Presidential Campaign

Presidential Campaign

Obama Makes it Eight in a Row

You gotta admit, the guy’s on a roll. Chalk up three more wins for Barack Obama: substantial wins in Virginia, Maryland and the District of Columbia. On top of big wins over the weekend in Washington, Nebraska, Louisiana, Maine and the Virgin Islands.

That makes eight straight wins for the senator from Illinois — and eight straight losses for the senator from New York. The Democratic primary’s still far from over, but, for now, Obama’s clearly the front-runner. And Clinton’s suddenly the underdog.

Where'd They Get the Money?

I don’t agree with Brent Budowsky on anything.

But he raises a good point about the Clinton friends contemplating independent expenditures to help Hillary beat back Obama.

Mr. Budowsky says that the Clinton Gang ought not go there when it comes to skirting the laws put in place by George Soros.

I know that ole Brent is shocked that the Clinton gang is thinking about breaking the law to get their girl elected. That certainly doesn’t shock me, nor most other Americans.

Will Clinton Money Bosses Break Campaign Finance Laws?

Word is spreading behind the scenes that some of the largest Clinton campaign donors, with long relationships with Hillary and Bill and inter-locking relationships with the Clinton campaign, are considering massive "independent" spending campaigns.

Bad plan. As word becomes public, there will be a huge backlash and extremely grave potential legal implications.

If these folks are truly independent as defined by federal law, I will be selected by the College of Cardinals as the next Pope. Both are equally plausible.

The New Racist

It's fascinating how the overwhelming majority of American blacks are supporting Sen. Barack Obama (D-Ill.), whereas the black elite leadership is solidly in support of Sen. Hillary Rodham Clinton (D-N.Y.).

The question that immediately comes to mind is whether the black leadership has lost step with its core constituency and a new trend in American politics. Ironically, white males are much more likely to support Obama than are black politicians and elected officials.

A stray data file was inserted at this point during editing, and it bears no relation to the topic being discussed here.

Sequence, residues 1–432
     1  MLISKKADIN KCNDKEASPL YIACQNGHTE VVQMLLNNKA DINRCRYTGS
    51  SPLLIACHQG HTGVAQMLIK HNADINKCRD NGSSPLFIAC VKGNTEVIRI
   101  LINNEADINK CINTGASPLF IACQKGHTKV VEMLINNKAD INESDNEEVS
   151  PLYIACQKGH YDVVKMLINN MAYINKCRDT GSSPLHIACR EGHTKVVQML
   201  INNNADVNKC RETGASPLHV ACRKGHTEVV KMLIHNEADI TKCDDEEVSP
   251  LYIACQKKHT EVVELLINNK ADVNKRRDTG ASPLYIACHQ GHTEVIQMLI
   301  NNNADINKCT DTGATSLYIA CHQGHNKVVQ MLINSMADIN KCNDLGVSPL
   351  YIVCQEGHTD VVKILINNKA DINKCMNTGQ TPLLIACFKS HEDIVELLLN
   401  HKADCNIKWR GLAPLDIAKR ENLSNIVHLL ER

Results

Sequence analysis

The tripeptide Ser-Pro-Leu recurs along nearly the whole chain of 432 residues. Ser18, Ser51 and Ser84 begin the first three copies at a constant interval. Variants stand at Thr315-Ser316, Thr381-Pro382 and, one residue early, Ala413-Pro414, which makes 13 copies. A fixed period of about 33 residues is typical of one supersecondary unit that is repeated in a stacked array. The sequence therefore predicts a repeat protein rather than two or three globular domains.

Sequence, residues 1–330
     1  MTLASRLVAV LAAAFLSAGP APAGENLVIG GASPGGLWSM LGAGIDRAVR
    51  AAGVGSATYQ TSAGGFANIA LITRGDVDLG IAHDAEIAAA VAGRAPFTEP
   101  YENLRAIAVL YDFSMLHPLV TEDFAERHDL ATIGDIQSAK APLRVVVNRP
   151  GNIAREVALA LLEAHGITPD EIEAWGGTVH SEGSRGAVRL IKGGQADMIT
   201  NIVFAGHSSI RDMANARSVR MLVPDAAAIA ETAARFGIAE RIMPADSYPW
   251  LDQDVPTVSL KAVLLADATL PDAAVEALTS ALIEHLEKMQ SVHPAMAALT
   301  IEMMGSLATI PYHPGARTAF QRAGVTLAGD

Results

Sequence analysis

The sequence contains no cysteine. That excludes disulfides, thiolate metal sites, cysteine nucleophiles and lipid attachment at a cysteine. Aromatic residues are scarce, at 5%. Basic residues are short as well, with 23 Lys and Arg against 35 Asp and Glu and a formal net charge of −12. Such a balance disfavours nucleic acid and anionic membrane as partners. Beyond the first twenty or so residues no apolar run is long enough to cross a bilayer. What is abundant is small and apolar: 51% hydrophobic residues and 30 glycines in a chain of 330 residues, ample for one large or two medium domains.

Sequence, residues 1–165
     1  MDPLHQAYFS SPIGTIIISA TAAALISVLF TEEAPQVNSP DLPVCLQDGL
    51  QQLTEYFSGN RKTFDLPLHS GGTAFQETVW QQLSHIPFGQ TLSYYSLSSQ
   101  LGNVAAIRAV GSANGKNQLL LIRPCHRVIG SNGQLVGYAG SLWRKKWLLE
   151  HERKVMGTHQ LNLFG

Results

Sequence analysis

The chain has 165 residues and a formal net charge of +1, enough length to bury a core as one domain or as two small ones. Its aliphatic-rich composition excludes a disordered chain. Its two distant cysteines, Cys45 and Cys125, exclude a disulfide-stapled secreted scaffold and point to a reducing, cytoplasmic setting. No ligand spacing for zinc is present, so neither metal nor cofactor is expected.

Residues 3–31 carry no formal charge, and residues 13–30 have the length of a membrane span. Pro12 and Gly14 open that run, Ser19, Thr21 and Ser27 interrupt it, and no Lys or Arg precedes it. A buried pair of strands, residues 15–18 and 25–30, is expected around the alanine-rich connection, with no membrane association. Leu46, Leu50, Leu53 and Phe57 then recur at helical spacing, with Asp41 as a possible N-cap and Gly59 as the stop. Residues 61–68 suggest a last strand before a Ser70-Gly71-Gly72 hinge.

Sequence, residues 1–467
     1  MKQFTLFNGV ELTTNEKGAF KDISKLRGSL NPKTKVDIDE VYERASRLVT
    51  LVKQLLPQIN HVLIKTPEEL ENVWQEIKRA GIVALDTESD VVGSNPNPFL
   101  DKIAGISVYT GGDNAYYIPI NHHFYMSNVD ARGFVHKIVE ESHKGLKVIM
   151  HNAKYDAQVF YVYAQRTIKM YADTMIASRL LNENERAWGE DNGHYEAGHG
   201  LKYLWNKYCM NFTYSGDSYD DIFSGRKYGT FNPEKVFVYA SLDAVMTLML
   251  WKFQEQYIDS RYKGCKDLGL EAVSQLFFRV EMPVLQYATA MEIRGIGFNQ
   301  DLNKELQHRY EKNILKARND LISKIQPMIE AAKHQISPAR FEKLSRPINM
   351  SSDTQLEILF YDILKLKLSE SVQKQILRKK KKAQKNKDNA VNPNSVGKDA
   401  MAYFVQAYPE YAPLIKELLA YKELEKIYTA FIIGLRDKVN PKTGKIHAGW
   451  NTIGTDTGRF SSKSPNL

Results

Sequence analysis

This is a watershed moment in American racial politics. On one hand the black electorate seems to be fascinated with the possibility of electing a black president; black politicians, on the other hand, are working on the assumption that he's ultimately unelectable. Moreover, they do not see him as possessing the authentic class bona fides of a black political insider, despite the fact that he has been an urban community organizer in black communities, attends a black church, and is married to an undoubtedly and unashamedly powerful black woman.

Expectations Game Defense

Am I wrong, or has Hillary Clinton painted herself into a corner? Actually it's two corners, really, in Texas and Ohio.

It seems to be "do or die" for her in the March 4 primaries in those two states. Think Giuliani and Florida. In order to slow down Barack Obama's momentum and shore up the dwindling confidence of the campaign contributors, Hillary and her managers have told us to bank on the 4th of March as a Comeback Day. Still another one.

Never mind, they argue, what has happened in that string of elections and caucuses that followed Super Tuesday; those didn't really mean that much anyway. Her rebound begins in Texas and Ohio, where she's the favorite.

Let Florida and Michigan Vote

Two things seem very clear to me. The first is that the Democratic Party can't justifiably seat the delegates from the prior Florida and Michigan contests. The other is that it's fundamentally unfair to exclude voters from any state from having a voice in their own party's nominating process.